With an arsenal of cutting-edge, if mysterious, treatment techniques stem cells, bioactive molecules, brain and spinal cord stimulation the team hopes to revive parts of the patients basic brain functions, with the eventual holy grail goal of returning the ability to breathe on their own.

    The anticipated deadline for measurable results? A short 15 days.

    Let that sink in.

    If your first reaction is incredulity, youre not alone. What is this, The Lazarus Effect, Frankenstein, The Walking Dead? Some sort of viral campaign for an upcoming horror flick?

    Not quite. A horde of zombies may not be in our future, but Bioquarks goals are to cheat death. Heres what the stunningly ambitious ReAnima project plans to do.

    The Tricky Business of Defining Death

    We often think of death as flipping a switch: one minute youre there, the next minute its all lights go out.

    Brain death, in contrast, is final. The diagnosis signals a complete and irreversible destruction of the brain, including the brain stem. Brain dead individuals arent comatose or in a vegetative state. They have no hope for spontaneous recovery. Theyre dead.

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    It’s Easy To Get The Care You Need

    See a Premier Physician Network provider near you.

    It sounds like a sci-fi movie. Last week Yale researchers revealed their ability to suspend cell death and revive some basic cell function in the brains of pigs four hours after they died.

    Their groundbreaking findings are raising plenty of eyebrows. Premier Health Now looked to neuropsychologist Fadi Tayim, Ph.D., division chief of the Brain Mapping Center, at the Clinical Neuroscience Institute to help explain what it all means.

    Working with pig brains retrieved from a pork processing plant, the researchers first injected a drug to stop the brain cells from dying. Then they flushed the brains with a blood substitute.

    After doing so, what they discovered, says Dr. Tayim, is some basic cellular activity in these brains even though the pigs had been dead for four hours. The emphasis here is on basic, says Dr. Tayim. Normal functioning was not restored. Its like you plug in your television. The circuits are there but theres nothing on the screen.

    Until now, scientists were not aware that brain cells can remain active for more than just a few minutes after death.

    Dr. Tayim calls the discovery exciting, a potential game-changer. It provides new ways for us to understand cell activity after death.

    A Summary Of Tk’s Clinical History

    TK’s autopsy report includes a narrative of his clinical history with medical details that will be relevant for the philosophical analysis of brain death that follows below. In brief, TK was born in 1979. When he was four years old, he contracted Haemophilus influenzae meningitis that put him into a coma. While staying in a Nebraska hospital for treatment, he experienced an increase in intracranial pressure so severe that it separated the bony plates of his skull. An EEG revealed no electrocerebral activity, but his family was opposed to his removal from life support.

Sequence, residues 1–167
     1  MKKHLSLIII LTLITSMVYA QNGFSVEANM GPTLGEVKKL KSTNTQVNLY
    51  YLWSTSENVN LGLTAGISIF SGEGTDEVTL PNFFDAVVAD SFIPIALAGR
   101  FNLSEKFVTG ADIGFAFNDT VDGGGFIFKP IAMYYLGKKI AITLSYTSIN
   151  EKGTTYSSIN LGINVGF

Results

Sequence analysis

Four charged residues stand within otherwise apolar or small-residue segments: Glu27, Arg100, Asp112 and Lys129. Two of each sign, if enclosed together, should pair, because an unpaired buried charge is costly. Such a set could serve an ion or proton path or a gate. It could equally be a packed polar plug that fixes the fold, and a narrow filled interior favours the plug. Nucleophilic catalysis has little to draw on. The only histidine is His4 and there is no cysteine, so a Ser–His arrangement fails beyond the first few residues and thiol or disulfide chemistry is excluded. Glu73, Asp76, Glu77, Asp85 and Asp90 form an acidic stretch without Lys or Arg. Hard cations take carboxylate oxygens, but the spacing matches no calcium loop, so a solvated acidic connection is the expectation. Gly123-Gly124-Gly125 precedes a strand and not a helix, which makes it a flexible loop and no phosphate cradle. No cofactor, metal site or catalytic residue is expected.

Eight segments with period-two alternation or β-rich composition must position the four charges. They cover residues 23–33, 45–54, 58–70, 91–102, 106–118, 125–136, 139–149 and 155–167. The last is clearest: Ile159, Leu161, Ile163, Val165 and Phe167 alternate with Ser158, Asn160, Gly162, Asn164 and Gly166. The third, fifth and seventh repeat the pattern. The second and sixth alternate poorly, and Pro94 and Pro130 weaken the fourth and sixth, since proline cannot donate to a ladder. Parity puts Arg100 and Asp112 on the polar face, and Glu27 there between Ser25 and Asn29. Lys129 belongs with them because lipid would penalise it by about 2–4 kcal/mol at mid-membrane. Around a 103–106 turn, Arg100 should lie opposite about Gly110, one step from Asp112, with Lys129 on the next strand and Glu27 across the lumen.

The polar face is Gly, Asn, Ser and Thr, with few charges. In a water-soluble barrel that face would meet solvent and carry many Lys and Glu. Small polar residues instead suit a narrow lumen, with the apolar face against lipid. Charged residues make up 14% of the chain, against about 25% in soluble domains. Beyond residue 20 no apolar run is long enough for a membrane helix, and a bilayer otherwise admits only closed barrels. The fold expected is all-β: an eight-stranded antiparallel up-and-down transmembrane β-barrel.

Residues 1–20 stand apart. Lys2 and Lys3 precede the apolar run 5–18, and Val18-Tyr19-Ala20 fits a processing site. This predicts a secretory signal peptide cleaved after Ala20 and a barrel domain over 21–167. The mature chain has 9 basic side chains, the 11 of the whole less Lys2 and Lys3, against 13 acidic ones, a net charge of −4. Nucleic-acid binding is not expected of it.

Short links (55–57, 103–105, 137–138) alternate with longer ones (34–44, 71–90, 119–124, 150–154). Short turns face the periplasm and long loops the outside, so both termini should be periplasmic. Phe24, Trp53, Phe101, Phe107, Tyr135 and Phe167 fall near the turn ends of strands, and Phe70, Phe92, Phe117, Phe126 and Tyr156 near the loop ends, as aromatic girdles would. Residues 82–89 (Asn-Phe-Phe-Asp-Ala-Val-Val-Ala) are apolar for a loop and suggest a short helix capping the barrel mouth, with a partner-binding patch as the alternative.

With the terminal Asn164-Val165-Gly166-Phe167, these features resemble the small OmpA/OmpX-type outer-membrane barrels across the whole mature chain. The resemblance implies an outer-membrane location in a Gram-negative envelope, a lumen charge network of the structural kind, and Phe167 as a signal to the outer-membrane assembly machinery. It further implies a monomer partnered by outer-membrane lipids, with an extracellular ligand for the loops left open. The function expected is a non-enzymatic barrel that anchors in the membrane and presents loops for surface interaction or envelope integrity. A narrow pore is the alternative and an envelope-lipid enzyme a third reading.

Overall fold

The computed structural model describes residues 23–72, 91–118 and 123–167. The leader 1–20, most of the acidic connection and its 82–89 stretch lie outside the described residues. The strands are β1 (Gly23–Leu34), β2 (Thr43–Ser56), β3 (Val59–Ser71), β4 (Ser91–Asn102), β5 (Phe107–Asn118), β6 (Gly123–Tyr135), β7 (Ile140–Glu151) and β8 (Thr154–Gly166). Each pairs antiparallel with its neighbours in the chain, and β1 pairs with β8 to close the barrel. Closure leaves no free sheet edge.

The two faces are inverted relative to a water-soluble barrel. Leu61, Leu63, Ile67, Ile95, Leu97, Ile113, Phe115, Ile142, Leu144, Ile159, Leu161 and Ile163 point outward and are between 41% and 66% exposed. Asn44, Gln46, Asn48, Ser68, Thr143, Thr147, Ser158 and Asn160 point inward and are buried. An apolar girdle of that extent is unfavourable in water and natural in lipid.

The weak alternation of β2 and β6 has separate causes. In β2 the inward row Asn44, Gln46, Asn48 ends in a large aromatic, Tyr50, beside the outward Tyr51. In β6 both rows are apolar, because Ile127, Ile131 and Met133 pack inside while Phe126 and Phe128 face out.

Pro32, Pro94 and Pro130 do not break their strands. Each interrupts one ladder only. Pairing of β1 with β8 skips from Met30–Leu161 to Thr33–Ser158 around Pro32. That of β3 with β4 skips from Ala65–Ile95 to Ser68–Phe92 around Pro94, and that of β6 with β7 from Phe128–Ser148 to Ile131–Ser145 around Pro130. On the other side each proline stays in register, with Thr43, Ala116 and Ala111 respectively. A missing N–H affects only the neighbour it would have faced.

For several weeks following his initial infection, TK experienced severe temperature and blood pressure fluctuations that required days of dopamine infusion to support his blood pressure. Urine output fluctuated tremendously suggesting that he had diabetes insipidus. There were also dramatic shifts in his serum sodium. After this period of crisis, however, TK’s temperature, blood pressure, urine output, and serum sodium levels became stable.

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    Coming Back From The Dead Is No Longer Science Fiction

    A man receiving cardiopulmonary resuscitation .

    Last year, there were widespread reports of a 53-year-old Frenchman who had suffered a cardiac arrest and “died,” but was then resuscitated back to life 18 hours after his heart had stopped.

    The once black-and-white line between life and death is now blurrier than ever.

    This was thought to have been possible in part because his body had progressively cooled down naturally after his heart had stopped, through exposure to the outside cold. The medical team who revived him were reported as being “stupefied” that they had been able to bring him back to life, in particular since he had not even suffered brain damage.

    Interestingly, this man represents one of a growing number of extraordinary cases in which people who would otherwise be declared dead have now been revived. It is a testament to the incredible impact of resuscitation science — a science that is providing opportunities to literally reverse death, and in doing so, shedding light on the age-old question of what happens when we die.

    Death: Past and Present